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Pomegranate Extracts Found to Inhibit Inflammation

Tuesday, November 11, 2008 by: David Gutierrez, staff writer
Tags: pomegranate, health news, Natural News

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(NaturalNews) Pomegranate extract may inhibit the chronic inflammation linked with a variety of health problems such as heart disease and arthritis, according to a study conducted by researchers from Case Western Reserve University in Cleveland, and published in the Journal of Inflammation.

"Consumption of pomegranate fruit extract may be of value in inhibiting inflammatory stimuli-induced cartilage breakdown and production of inflammatory mediators in arthritis," the researchers wrote.

Pomegranate is known to be high in antioxidants, including punicalagins and punicalins, and antioxidants are known to help reduce inflammation in the body.

While short-term inflammation is often a normal and healthy immune response, chronic inflammation is associated with a variety of health problems including arthritis, heart disease, osteoporosis, Type 2 diabetes and dementia. It is also associated with a variety of effects of aging, such as cognitive decline.

Researchers tested the effect of pomegranate on inflammation by feeding a pomegranate extract to four rabbits and then testing their blood for two cyclooxygenase enzymes that function as inflammation markers: COX-1 and COX-2. The levels of these enzymes were then compared to the levels in two rabbits that had only been dosed with water.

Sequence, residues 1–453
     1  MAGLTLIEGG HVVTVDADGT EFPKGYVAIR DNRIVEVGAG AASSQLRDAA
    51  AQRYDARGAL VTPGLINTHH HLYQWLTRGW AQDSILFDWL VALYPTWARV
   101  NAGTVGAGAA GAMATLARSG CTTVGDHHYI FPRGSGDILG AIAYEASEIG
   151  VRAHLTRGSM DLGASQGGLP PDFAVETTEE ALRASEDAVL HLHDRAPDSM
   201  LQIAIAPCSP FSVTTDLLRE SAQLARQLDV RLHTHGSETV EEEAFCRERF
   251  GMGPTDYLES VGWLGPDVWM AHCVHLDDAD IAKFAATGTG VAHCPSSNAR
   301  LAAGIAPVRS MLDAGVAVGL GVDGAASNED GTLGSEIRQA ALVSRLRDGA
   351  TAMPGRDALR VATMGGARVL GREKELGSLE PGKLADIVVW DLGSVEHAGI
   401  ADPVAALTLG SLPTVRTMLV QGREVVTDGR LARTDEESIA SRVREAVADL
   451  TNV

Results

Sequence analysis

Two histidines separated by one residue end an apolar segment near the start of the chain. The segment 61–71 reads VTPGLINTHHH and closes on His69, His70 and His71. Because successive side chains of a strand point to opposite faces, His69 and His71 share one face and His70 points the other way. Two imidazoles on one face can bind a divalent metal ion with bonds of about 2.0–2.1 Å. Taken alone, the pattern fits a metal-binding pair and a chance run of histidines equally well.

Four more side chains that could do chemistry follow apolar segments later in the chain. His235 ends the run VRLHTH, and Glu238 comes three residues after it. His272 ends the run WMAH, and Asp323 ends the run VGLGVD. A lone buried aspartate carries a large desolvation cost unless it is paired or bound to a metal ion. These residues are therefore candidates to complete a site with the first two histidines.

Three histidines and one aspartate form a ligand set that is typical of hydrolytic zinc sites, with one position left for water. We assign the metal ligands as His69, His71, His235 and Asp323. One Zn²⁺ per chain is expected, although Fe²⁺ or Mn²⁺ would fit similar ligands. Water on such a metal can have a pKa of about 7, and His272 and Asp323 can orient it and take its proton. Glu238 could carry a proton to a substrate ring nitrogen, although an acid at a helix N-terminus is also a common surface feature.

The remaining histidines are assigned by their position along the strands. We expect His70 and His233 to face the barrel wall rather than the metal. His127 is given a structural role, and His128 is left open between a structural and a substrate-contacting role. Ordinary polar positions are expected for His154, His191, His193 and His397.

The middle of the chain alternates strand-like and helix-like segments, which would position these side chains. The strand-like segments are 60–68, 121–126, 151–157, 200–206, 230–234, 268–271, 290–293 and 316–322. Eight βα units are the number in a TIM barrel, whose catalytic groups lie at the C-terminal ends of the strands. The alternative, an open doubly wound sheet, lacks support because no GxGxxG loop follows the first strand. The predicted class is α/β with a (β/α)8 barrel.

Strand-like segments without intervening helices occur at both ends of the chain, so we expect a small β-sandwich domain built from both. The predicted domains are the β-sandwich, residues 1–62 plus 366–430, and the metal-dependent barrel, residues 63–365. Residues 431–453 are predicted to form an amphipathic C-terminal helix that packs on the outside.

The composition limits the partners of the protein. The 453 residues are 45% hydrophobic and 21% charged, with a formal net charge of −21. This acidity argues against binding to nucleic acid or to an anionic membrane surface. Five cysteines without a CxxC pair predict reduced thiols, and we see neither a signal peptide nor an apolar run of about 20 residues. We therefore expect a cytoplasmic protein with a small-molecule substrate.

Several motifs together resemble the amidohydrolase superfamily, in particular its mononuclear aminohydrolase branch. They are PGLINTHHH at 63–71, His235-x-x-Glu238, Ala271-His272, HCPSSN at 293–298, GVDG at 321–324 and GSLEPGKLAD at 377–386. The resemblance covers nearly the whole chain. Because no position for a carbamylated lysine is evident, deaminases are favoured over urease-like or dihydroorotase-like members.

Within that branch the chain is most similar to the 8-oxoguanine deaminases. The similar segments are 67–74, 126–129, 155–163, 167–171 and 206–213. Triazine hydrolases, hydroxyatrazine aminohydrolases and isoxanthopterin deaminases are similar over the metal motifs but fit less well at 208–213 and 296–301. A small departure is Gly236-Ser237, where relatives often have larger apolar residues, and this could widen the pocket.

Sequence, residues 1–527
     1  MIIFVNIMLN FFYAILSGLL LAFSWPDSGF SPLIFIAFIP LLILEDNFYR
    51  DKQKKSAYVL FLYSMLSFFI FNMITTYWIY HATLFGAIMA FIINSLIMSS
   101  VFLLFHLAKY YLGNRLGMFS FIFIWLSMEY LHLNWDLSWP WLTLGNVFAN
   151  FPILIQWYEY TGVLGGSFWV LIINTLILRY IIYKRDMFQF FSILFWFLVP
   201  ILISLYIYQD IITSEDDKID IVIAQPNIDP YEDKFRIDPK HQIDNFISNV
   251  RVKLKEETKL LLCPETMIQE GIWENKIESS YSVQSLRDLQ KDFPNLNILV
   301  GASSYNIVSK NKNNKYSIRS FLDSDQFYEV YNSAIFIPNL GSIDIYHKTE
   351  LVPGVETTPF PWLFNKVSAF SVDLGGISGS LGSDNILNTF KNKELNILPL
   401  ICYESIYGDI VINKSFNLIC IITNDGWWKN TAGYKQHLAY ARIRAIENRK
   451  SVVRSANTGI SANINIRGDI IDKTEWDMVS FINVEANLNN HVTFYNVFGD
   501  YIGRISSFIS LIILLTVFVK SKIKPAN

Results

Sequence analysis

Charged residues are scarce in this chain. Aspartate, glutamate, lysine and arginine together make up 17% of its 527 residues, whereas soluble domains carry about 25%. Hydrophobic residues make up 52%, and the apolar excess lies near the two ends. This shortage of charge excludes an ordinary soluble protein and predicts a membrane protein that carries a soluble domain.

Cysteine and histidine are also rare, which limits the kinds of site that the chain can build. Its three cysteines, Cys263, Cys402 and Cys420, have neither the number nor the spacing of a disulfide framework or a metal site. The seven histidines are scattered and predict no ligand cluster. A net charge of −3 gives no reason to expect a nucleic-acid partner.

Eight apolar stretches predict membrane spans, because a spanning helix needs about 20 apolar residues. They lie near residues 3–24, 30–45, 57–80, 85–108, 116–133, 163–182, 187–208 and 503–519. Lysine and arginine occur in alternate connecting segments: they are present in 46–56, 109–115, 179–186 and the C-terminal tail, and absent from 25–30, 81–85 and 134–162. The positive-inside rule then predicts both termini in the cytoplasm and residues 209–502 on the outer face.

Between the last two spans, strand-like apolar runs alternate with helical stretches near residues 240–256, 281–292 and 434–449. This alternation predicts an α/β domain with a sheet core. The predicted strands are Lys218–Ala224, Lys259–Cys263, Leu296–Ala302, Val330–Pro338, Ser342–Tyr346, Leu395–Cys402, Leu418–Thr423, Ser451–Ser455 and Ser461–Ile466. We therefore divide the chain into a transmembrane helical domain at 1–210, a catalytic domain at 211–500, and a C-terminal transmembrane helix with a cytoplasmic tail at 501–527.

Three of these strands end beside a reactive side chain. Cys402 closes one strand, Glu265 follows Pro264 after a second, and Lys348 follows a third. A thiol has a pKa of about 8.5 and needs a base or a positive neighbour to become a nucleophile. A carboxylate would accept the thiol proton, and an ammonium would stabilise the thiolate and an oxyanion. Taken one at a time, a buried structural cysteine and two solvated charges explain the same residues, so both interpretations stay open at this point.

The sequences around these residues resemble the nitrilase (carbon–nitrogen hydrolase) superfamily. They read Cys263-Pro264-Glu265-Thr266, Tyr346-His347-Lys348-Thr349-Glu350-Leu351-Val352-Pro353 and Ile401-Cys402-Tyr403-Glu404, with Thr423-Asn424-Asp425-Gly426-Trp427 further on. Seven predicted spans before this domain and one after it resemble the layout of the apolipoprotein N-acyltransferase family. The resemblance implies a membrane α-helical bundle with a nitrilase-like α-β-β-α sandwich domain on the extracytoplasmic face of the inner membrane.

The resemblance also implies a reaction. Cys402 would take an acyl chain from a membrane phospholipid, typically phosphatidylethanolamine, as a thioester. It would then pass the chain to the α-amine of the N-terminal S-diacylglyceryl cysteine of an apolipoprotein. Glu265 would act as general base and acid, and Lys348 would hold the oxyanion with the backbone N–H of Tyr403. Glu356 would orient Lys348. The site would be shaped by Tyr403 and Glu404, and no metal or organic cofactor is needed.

The amount of pomegranate extract used in the study was equivalent to 175 milliliters of pomegranate juice.

The researchers found that the activity of both inflammation markers in the rabbits given pomegranate extract was significantly reduced compared to the control rabbits: by 7 percent for COX-1 and 26 percent for COX-2.

Natural methods to reduce inflammation are becoming more popular as increasing concern emerges over the health effects of non-steroidal anti-inflammatory drugs (NSAIDs) such as aspirin or ibuprofen. While NSAIDs are some of the most frequently prescribed drugs globally, potential side effects include gastrointestinal toxicity, raised blood pressure and a higher risk of cardiovascular disease.

In contrast, studies have linked pomegranate to a lowered risk of heart disease and prostate cancer, and to a slower progression of arthritis.

Sources for this story include: www.foodnavigator-usa.com.

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